Abstract: For perfectly periodic crystals, the topological invariants, the linear response coefficients and the correlation functions in general are expressed using the differential geometry over the classic Brillouin torus. Using an equivalence between a manifold and its algebra of functions, one can extend the notion of the Brillouin torus to that of a non-commutative Brillouin torus. Together with a properly defined non-commutative differential geometry (NCG), the non-commutative Brillouin torus gives a natural framework to express and compute the topological invariants, the linear response coefficients and other correlation functions for disordered systems in the presence of magnetic fields.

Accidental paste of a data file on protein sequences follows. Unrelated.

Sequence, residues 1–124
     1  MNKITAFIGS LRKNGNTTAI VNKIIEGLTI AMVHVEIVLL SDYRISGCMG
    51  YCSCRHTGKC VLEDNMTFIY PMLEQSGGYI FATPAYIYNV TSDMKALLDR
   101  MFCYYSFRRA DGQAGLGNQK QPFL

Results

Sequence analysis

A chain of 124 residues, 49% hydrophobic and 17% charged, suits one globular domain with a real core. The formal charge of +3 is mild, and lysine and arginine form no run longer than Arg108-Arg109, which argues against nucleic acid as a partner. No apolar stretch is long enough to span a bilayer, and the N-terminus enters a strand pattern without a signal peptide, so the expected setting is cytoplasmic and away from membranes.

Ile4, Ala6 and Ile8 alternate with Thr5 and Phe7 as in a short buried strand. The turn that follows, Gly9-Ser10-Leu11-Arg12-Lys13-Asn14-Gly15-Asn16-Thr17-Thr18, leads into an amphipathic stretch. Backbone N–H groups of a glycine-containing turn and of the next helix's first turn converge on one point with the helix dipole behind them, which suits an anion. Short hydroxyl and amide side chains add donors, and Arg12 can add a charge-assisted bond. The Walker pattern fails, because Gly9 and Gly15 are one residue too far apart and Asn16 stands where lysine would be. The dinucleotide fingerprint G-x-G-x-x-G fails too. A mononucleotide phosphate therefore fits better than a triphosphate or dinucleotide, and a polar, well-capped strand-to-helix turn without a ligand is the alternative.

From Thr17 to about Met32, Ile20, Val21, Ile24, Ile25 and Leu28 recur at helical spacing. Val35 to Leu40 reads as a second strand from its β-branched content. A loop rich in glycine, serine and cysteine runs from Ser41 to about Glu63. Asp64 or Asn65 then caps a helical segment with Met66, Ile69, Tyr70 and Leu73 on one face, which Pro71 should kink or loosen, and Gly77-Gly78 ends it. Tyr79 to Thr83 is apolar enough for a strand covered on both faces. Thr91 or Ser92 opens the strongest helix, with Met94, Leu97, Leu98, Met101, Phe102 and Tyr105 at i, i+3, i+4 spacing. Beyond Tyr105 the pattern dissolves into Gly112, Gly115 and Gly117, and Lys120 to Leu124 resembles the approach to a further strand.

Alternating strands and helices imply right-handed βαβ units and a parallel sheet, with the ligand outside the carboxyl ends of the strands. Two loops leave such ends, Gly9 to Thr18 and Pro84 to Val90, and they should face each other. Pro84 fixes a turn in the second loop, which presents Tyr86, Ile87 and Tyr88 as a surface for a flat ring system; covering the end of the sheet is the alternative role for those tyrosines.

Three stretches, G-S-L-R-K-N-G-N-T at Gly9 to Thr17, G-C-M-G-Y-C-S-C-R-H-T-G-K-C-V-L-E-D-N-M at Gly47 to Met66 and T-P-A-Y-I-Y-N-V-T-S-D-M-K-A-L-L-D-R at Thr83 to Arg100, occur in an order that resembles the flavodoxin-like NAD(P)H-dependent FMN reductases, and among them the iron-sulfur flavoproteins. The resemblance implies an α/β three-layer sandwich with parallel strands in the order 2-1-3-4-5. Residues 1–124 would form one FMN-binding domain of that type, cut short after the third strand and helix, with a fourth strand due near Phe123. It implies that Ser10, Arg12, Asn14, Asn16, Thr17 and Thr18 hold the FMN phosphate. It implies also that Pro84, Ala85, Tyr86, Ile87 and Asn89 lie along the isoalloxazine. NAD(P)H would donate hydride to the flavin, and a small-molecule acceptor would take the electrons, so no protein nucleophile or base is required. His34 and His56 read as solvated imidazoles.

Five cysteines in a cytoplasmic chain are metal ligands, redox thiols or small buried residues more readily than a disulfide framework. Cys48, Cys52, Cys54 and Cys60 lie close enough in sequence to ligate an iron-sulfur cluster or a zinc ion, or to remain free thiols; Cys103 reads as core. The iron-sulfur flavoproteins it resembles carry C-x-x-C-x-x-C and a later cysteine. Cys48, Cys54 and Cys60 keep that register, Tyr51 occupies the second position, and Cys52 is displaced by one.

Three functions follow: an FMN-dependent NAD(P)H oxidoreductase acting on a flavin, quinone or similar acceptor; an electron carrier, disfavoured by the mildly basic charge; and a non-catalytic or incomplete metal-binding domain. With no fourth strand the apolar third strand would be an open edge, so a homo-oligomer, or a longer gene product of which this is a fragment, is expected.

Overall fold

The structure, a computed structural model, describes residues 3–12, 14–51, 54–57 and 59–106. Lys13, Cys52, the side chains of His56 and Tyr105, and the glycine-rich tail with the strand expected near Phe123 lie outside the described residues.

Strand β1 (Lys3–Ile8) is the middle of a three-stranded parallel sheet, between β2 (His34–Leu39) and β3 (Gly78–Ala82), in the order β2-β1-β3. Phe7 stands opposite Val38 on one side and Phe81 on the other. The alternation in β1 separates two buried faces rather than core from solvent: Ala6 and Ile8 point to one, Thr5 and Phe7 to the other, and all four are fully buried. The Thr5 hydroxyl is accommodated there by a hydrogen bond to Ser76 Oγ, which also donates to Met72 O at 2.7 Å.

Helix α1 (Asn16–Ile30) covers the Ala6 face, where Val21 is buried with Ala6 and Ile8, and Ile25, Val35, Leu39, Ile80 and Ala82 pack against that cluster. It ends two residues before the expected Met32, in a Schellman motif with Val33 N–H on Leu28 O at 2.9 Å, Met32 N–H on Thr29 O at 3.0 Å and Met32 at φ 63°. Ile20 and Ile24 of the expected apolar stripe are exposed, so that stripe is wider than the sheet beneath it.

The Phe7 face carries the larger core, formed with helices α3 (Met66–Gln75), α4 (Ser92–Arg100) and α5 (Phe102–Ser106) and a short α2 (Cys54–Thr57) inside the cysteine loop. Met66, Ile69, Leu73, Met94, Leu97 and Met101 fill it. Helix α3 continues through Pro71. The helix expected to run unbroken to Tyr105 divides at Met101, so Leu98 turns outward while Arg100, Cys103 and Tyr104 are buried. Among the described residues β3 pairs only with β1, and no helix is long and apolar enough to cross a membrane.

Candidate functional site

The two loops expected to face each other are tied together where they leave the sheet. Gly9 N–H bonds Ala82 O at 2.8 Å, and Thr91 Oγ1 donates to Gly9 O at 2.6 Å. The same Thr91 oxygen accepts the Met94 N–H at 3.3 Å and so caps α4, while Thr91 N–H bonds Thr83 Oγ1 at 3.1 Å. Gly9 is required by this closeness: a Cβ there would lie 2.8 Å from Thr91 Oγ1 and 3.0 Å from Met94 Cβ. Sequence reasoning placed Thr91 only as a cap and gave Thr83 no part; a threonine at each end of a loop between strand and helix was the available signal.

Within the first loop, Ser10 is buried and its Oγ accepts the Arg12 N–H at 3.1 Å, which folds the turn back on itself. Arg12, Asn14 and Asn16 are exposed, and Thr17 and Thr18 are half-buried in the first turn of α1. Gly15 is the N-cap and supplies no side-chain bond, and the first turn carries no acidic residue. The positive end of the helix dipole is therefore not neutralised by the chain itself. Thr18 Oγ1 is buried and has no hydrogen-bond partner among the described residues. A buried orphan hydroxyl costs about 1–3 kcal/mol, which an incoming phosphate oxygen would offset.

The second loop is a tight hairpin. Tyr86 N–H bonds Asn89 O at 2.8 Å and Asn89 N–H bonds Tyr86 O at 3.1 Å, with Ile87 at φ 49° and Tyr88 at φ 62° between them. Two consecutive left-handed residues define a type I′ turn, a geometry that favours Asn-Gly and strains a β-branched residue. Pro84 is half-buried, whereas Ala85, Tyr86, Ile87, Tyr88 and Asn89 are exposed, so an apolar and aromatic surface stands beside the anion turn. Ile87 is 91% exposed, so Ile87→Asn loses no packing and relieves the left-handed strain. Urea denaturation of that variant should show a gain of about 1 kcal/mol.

In this talk, I will present first some analytical results concerning the quantization and invariance of topological numbers in the presence of strong disorder. I will try to highlight the critical conceptual difficulties introduced by the strong disorder and then to showcase the elegant solutions provided by NCG. In the second part I will demonstrate that the non-commutative differential formalism can be used to construct extremely efficient numerical algorithms to compute generic correlation functions for disordered systems in the presence of magnetic fields. Using such algorithms for the Chern and the spin-Chern number, we have mapped the phase diagrams of various topological insulators as functions of disorder strength, Fermi level and other system parameters. Here I will focus on one particular study, where we were able to demonstrate that the so called Topological Anderson Insulating phase is connected to the Quantum spin-Hall phase and, as such, to show that they are one and the same phase of matter. Furthermore, using the non-commutative Kubo formula, we have completed several studies of the electron-transport in disordered topological insulators, with and without magnetic fields. For a model Quantum spin-Hall insulator, I will present maps of the conductivity tensor as function of disorder, temperature and Fermi level. These maps give a direct evidence, via the temperature behavior of the transport coefficients, for the existence of a metallic (and not just extended) phase between the topological and trivial phases. I will also demonstrate a universal critical behavior of the transport coefficients at the trivial-Chern insulator transition. Specifically, I will show quantitatively that this transition is similar in all respects to the plateau-insulator transition in the integer Quantum Hall Effect.